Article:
Nothing will make me refuse the honour rendered to me, a modern writer living in Russia, and hence a soviet writer. However, the money of the Nobel Prize I am prepared to transfer to the Peace Protection committee.
I know that under the public’s pressure a question of my membership in the Writers Union will rise. I don’t expect justice from you. You can kill me, send to exile, do anything you like. I forgive you. But don’t rush. This wouldn’t give you neither happiness nor glory. And remember that in some years you would have to rehabilitate me. It is not the first time in your practice.”
Proud and independent position supported Pasternak in tolerating all insults, threatening and mass-media anathemas during the first week. He was worried whether me or my brother have any problem at the work or in uni. We calmed him. I passed him news from Ehrenburg about great wave of support in the western press.
But his interest to all this faded on the 29th of October, when he phoned Olga Ivinskaya and then sent telegram to Stockholm: “Due to the resonance caused by my award in the society I belong to, I have to decline the Prize; don’t consider my voluntary refusal an insult”. He sent another telegram to the Party’s Central Committee: “Restore Ivinskaya at her workplace, I declined the award”.
(Olga Ivinskaya was Pasternak’s muse and love during the last 14 years of his life. She remembers this: “Many friends stopped seeing us. There was a feeling like we’re in the barn…” Actually, Pasternak has always been under danger, but before authorities were afraid to approach him directly, there was no “proper” reason. Instead, they approached Ivinskaya: 9 years before the Nobel Prize scandal, she was arrested and put to Lubyanka prison. Pasternak run to every office, it did not help. She was pregnant, and had a miscarriage in the jail. Pasternak fell with heart attack. Soon she was sent to Mordovian political prisoners camps for 4 years.
She accused herself bitterly for persuading Pasternak to decline the prize. After all what had happened, open shadowing, friends turning away, Pasternak’s suicidal condition at the time, one can possibly understand her: a memory of Stalin’s camps was too fresh, she tried to protect him.)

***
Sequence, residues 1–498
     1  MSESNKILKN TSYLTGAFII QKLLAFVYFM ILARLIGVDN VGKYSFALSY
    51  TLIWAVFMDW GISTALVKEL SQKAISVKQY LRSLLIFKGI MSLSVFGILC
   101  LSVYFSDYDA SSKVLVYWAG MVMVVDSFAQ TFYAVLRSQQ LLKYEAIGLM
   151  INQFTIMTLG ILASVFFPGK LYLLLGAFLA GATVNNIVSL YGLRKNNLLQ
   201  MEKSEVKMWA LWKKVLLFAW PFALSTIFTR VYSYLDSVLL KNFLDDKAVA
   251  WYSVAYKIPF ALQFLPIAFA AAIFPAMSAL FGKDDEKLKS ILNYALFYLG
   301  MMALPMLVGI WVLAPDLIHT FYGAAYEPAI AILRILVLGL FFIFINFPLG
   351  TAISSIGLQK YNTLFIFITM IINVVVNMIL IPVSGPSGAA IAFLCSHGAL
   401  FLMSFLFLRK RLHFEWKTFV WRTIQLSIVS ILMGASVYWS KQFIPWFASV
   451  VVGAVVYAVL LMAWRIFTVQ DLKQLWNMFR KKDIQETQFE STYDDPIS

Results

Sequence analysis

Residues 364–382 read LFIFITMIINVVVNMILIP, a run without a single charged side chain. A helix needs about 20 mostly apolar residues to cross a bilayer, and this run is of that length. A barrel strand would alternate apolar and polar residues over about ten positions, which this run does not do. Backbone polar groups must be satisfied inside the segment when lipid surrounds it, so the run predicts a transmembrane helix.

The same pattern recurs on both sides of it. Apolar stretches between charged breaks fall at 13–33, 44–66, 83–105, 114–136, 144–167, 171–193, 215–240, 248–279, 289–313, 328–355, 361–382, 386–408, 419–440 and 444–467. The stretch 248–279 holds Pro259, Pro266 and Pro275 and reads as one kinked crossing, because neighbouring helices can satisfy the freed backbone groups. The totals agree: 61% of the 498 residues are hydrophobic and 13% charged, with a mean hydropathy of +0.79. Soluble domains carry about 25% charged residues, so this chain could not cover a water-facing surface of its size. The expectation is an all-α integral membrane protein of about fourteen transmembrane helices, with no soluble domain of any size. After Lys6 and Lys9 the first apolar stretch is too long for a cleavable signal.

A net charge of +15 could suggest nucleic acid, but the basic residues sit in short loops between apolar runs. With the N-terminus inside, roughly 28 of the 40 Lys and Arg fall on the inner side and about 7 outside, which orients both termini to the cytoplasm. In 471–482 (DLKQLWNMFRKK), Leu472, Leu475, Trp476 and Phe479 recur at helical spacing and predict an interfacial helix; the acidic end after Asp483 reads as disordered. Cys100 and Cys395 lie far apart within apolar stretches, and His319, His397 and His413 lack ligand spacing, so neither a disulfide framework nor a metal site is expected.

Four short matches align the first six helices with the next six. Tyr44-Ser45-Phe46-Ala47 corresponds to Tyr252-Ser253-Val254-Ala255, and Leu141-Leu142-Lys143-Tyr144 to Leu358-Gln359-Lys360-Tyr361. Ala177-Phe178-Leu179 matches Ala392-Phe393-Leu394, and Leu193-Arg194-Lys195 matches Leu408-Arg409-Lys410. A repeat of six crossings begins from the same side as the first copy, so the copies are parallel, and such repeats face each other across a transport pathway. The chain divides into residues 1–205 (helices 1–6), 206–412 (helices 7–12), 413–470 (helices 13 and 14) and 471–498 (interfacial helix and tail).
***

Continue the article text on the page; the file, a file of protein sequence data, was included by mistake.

I couldn’t recognize my father when I saw him that evening. Pale, lifeless face, tired painful eyes, and all talks about the same: “Now it all doesn’t matter, I declined the Prize”.
But no one needed this prey anymore. It did not ease his condition. It left unseen by the Moscow Writers assembly, which gathered in two days. The Moscow writers asked government to seize Pasternak’s citizenship and send out of the country. The resolution approving his departure from the Writers Union was met with triumphing roar. It is to be said, however, that K.Paustovsky and V.Kaverin did not attend this shameful event, and E.Evtushenko and I.Ehrenburg left in the middle.
Father was hurt by Zinaida Nikolaevna’s decline to follow (she said she can’t leave motherland and my brother, who decided to remain with mother), and was really happy to hear my agreement to follow him wherever he would be sent to.
He would have been exiled straight away, but for Jawaharlal Nehru, who phoned Khrushchev and said he would head the Committee for Pasternak’s protection. To end it all quietly, Pasternak had to sign the party-written references to “PRAVDA” and Khrushchev. It doesn’t matter if their texts are good or bad, and what dominates there – repentance or self-affirmation, what matters is Pasternak did not write them, and was forced to sign. And this humiliation, torment to his will, was especially hurting because he realized no one needed that.
He wrote a poem called “The Nobel Prize”, where he asked “what sort of dirty trick I’ve done, am I a murderer, a villain? I, who made the whole world crying of my homeland’s beauty” (there was also a part dedicated to Ivinskaya). After it was published in 1959 in English in “New Statesman”, Pasternak was called to the chief persecutor. He was accused in state treason, and threatened with arrest in case he meets any foreigners.
The saddest, the cruelest thing: after Pasternak’s death in 1960, Ivinskaya was sent to Mordovian camps again, this time together with her daughter.
Years passed. Today I’m nearly the same age as father was in 1958. An exhibition “World of Pasternak” was opened on the 1st of December 1989, to which the Swedish ambassador Mr. Werner brought the Nobel Prize Laureate Diploma. The medal was to be given at the banquet for 1989 laureates in Sweden. Mr. Werner thought I had to come to Stockholm and receive the prize. I said I can’t imagine how this might be done. He received acceptance from the Nobel committee, Swedish embassy and Russian Ministry of Culture, made all papers in a few days, and on the 7th of December me and my wife were on a plane decorated with Christmas bells…